Norman Regional Hospital
Flanked by coworkers, an employee of Norman Regional Hospital dries their eyes Friday, April 3, 2020, as dozens of vehicles flash their lights to thank health care professionals. (Michael Duncan)

The flashing lights and car horns delivered a message.

A message from the parking lot to the building.

The message came from dozens of people sitting in cars that filled the visitor’s lot for dozens of people in scrubs and masks behind the hospital’s windows and walls.

The message came in the form of a rag-tag song of discordant honks and blinding car lights.

But the point was clear.

A few minutes earlier the only sound had been the scream of the siren of an EMSSTAT vehicle pulling into the “ambulance only” lane leading to the emergency room a short distance away. Another patient brought by mask-covered paramedics.

And then there was a honk. And then another. Then a headlight came on. And another. Then emergency flashers went on. And an orchestra of light and sound erupted from all the cars in the parking lot.

Some people rolled down their windows and cheered. Others waved. Dogs barked.

Within a minute, faces began to appear at the windows. First there were two. Then five. Then seven. The looks of the health care workers behind the glass made clear the message was received. They waved back.

That was the scene on Porter Street at 9:01 pm on a chilly Friday night outside Norman Regional Hospital.

Dozens of vehicles flash their lights to thank health care professionals at Norman Regional Hospital on Friday, April 3, 2020. (Michael Duncan)

‘Thank you Norman Regional’ said the only way possible

Across town at the newer Norman Regional HealthPlex, a similar scene was unfolding.

At both hospitals, citizens had come to let nurses, doctors, ER attendants, lab techs and the cleaning crew — and all those other persons necessary to provide medical help to our neighbors who need it — know they are important and appreciated as they work to save lives from COVID-19.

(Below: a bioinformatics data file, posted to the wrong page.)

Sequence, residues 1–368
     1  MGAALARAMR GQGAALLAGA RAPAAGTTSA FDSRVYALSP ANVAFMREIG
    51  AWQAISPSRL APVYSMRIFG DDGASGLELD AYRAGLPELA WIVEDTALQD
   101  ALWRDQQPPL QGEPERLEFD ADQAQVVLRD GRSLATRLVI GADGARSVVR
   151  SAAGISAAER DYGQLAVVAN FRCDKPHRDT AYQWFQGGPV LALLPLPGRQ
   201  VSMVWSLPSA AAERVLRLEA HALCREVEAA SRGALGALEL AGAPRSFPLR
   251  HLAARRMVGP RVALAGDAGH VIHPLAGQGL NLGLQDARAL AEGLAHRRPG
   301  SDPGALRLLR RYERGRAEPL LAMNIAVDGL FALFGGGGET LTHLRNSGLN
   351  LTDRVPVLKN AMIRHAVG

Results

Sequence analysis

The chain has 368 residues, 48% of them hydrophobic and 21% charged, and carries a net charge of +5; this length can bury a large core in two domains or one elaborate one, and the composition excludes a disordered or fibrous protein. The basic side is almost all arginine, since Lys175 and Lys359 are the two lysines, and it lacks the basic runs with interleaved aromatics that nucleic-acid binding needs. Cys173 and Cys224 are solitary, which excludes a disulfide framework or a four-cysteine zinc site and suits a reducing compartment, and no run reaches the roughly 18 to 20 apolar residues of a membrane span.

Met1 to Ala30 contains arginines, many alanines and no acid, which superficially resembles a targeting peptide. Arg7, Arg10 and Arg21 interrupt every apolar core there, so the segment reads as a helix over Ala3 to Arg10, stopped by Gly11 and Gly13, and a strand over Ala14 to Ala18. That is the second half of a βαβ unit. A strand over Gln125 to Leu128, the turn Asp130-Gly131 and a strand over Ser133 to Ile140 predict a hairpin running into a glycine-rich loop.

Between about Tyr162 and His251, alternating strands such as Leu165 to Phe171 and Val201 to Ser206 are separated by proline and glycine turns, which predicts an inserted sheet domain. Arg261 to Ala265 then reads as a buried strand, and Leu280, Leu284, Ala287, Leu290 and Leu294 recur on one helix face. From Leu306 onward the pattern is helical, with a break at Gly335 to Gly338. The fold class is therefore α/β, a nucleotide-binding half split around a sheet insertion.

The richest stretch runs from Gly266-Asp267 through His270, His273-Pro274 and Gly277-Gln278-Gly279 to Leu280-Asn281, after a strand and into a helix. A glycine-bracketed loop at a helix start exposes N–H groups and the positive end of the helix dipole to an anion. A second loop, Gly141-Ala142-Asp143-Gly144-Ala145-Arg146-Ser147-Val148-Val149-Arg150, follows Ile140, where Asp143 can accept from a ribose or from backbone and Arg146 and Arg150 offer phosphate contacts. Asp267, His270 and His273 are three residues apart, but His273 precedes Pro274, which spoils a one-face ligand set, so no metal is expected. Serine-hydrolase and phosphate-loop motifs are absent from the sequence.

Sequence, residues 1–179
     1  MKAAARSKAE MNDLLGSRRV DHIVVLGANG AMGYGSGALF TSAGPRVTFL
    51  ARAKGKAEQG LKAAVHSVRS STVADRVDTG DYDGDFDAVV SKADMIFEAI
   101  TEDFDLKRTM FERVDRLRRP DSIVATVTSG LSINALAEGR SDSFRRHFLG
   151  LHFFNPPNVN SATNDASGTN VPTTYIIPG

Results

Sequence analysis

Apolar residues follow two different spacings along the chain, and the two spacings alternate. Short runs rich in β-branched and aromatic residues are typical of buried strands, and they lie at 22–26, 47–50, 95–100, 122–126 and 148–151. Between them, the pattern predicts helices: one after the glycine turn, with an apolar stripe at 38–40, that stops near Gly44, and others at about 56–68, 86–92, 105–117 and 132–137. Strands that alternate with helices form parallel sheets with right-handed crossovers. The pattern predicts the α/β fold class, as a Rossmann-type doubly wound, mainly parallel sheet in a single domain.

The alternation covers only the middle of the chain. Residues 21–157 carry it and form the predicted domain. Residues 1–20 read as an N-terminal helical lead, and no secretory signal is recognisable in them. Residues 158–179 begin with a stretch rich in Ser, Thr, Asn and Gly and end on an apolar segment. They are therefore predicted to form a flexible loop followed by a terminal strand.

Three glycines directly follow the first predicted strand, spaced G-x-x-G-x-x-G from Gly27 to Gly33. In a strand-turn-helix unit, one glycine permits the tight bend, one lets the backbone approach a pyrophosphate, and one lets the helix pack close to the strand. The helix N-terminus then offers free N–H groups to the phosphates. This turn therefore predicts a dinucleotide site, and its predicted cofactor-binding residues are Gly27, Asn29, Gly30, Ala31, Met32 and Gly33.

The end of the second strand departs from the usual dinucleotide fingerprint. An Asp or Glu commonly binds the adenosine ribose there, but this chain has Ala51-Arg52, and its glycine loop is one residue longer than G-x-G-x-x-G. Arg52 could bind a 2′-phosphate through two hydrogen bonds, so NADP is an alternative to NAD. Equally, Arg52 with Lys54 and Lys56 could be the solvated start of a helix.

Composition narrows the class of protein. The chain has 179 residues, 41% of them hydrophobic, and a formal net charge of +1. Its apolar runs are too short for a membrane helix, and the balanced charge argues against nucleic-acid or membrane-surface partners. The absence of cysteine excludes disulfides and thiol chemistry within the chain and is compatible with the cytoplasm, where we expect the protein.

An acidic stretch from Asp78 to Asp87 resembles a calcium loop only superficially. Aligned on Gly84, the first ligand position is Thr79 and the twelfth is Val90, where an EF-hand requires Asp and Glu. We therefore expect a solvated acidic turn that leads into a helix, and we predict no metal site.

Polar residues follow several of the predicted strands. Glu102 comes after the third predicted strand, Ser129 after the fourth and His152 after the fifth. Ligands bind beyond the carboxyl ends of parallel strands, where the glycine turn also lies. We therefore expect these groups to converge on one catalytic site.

There was no going inside to tell them. The hospitals are closed to all visitors. Public gatherings are prohibited by the government order. Most know they are dangerous anyway, given the contagious nature of this hidden menace — the novel coronavirus.

There was no crowd on foot in the parking lot. Most stayed in their cars. The six-foot social distancing rule was followed.

However, these limitations did not stop people from thanking hospital workers who do not have the option of staying sheltered in their homes. Or locked safely in their cars. And they gave thanks in the only way that would get the point across — with sound and lights.

Norman Regional Hospital employees watch from windows Friday, April 3, 2020, as dozens of vehicles flash their lights to thank health care professionals battling COVID-19. (Michael Duncan)

PPE: The fabric of their lives

These days, all hospital staff are wearing masks. And in those areas where contact with COVID-19 patients is possible, the hospital staff is bundled up in extra clothing, respirators, face shields and head protection.

It is the fabric and plastic barrier between them and serious, or possibly fatal, illness.

COVID-19 patients have walked into the Norman Regional Hospital emergency room. Others have come by ambulance from nursing homes. They are tested by the emergency room workers.

Norman Regional seems to be a receiving hospital for the area. COVID-19 transfers by ambulance from other hospitals are brought through a special entrance.

All those admitted for coronavirus end up on the fifth floor.

In the ICU, the physicians and nurses have become their proxy family.

Because no visitors are allowed, hospital staff members are keenly aware a patient might die without family present. It has happened eight times thus far since the pandemic reached Cleveland County.

It is expected to happen many more times before this is over.

Some hospital workers have used their cell phones so patients can FaceTime their loved ones.

It is not a normal time.

A mile away Campus Corner sat dark — the bars and restaurants shuttered. The university campus is closed, with students now learning online only from around the country.

There was no music at The Deli.

The only music in town played in parking lots at the hospitals.

And the musicians were just regular people playing for an audience risking their lives to save others.